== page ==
I feel like UIFont’s read-only properties go forgotten easily. When you create a new font object, five measurement properties will be evaluated based on the set point-size.
Note that most of these will be floats and should be rounded up or down before using in any layout functions.
Unless you’re drawing directly with the text, you’ll probably only ever need to use lineHeight (it’s the property multiplied by lineHeightMultiple in NSParagraphStyle). pointSize is almost useless; it tells you nothing about the actual pixels measurements.
I used to find myself randomly guessing a lot of magic numbers when it came to laying out paragraphs. The biggest issue I had was text clipping with small `lineHeightMultiples` — I figured that out in my last post.
`NSParagraphStyle` is much better documented in the header file then its actual documentation (⌘-click an attribute to view). In lieu of that, I made a quick cheatsheet for everybody to understand what’s possible.
Funnily enough, sometimes the best way to explain text is with an image.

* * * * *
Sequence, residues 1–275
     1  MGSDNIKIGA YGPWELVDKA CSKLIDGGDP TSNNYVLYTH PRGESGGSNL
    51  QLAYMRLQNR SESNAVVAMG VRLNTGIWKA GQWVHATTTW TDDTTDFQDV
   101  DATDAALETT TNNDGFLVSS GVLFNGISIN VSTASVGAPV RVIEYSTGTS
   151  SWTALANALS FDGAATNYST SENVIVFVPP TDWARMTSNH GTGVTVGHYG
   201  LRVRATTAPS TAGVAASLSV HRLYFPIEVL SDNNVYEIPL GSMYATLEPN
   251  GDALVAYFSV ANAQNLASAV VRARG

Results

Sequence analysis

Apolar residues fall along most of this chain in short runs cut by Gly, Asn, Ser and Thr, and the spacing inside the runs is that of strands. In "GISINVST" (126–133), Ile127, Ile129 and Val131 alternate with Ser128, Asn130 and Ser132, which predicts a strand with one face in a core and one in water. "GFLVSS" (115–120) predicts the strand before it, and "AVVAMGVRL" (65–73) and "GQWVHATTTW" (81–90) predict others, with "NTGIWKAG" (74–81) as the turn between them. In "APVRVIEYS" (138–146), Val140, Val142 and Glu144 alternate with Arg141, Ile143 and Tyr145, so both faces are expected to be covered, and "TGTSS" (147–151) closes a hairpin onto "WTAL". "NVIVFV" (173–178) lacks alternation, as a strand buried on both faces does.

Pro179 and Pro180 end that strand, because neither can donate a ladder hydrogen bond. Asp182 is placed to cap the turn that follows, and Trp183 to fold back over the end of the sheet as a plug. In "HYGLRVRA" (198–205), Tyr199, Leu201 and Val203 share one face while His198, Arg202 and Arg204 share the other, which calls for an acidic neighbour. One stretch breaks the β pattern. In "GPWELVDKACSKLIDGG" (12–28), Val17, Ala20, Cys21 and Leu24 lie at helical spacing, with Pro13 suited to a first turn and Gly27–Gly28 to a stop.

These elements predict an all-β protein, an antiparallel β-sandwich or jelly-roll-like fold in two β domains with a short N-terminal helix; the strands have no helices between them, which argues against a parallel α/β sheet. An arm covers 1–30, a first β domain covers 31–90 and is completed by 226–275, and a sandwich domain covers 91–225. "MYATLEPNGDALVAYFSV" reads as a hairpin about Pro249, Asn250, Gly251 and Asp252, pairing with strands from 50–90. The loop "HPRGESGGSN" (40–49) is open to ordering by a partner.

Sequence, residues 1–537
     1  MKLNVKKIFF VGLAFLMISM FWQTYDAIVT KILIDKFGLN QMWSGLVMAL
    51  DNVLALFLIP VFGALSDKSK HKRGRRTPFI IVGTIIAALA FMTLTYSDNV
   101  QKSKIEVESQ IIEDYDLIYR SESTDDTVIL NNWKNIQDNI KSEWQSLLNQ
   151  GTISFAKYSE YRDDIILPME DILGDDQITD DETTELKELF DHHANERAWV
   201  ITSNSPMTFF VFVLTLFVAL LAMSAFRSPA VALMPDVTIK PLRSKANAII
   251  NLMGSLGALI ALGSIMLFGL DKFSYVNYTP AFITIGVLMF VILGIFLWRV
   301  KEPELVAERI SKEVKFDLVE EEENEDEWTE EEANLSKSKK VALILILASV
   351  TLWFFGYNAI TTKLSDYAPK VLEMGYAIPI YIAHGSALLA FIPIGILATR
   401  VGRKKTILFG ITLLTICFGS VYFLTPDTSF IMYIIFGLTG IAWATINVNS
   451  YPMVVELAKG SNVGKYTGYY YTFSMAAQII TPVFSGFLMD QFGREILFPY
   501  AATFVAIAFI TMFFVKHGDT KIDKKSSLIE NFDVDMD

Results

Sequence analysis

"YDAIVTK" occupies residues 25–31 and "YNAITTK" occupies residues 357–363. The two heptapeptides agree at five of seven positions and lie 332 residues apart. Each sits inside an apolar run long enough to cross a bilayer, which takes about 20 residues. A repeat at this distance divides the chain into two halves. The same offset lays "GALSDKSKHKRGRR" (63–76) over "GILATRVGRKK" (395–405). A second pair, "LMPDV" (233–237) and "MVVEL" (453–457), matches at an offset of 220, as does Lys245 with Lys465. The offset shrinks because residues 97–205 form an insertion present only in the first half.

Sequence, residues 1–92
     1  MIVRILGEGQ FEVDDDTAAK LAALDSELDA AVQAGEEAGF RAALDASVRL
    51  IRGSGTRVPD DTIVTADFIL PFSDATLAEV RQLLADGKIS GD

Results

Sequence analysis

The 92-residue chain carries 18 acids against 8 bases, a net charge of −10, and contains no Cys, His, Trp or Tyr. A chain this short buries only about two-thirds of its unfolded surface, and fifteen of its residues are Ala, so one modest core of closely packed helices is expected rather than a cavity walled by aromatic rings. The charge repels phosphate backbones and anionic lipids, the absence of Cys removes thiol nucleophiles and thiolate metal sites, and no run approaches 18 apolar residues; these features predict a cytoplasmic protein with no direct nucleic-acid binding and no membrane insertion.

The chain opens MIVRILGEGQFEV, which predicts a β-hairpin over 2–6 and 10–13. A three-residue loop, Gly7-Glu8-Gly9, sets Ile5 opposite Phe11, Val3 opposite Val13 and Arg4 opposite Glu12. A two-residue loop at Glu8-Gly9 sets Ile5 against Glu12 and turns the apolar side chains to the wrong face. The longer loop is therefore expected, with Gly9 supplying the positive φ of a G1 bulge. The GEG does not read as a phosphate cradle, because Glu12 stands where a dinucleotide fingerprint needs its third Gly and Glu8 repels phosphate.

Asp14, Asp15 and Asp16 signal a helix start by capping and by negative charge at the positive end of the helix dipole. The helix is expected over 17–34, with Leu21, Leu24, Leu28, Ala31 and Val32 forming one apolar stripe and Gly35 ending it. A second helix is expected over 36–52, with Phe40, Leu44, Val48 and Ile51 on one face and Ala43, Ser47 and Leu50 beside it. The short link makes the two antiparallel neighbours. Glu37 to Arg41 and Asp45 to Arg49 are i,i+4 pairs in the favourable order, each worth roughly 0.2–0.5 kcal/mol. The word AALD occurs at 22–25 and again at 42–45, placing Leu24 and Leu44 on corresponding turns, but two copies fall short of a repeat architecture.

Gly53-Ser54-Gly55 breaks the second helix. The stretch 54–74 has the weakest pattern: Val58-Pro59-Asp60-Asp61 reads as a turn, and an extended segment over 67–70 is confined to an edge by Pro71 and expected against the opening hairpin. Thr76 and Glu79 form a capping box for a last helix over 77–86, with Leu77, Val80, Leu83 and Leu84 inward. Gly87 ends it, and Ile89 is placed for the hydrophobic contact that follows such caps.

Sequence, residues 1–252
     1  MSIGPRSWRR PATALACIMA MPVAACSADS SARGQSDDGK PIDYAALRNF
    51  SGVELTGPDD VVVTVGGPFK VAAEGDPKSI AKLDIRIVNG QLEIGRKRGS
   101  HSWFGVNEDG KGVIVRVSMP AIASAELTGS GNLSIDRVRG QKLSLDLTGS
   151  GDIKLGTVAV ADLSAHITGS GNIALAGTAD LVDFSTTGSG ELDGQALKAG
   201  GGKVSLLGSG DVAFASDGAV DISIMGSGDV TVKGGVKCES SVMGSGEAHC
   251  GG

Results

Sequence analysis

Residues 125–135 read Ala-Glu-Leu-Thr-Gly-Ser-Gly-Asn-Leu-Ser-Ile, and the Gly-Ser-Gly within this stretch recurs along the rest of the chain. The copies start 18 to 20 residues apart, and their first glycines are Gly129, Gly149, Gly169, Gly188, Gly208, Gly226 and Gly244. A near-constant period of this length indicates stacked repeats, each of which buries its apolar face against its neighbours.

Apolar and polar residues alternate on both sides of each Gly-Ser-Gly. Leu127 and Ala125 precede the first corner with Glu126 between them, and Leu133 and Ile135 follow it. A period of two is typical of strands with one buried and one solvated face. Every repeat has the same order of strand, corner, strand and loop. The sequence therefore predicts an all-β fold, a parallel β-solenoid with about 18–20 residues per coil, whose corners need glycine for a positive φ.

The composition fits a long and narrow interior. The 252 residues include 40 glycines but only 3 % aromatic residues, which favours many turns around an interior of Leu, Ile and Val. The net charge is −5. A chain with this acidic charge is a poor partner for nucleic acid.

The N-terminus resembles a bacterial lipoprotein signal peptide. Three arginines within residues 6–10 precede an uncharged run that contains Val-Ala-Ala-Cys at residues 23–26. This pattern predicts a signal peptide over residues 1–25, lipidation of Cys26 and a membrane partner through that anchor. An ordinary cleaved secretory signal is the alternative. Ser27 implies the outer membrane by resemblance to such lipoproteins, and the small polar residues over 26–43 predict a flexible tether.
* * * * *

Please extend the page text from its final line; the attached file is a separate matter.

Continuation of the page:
It all makes so much sense now. My next post explains `UIFont`.
Setting paragraph attributes on an `NSAttributedString` can be frustrating. Without a diagram, knowing what and how to set metrics isn’t super intuitive. You’ll end up fussing with all of them until it looks about right.
The most frustrating is leading (pronounced /ˈlɛdɪŋ/ as in the metal used in printing presses). `lineHeightMultiple` works well — until your texts starts to get clipped.
var lineHeightMultiple: CGFloat
The natural line height is multiplied by this factor (if positive) before being constrained by minimum and maximum line height.
Easy enough, 1 will keep the current height of the lines, greater than 1 will increase it, and less than 1 will decrease it. Decreasing your line height with a value less than 1 decreases your top line’s height, too, of course. …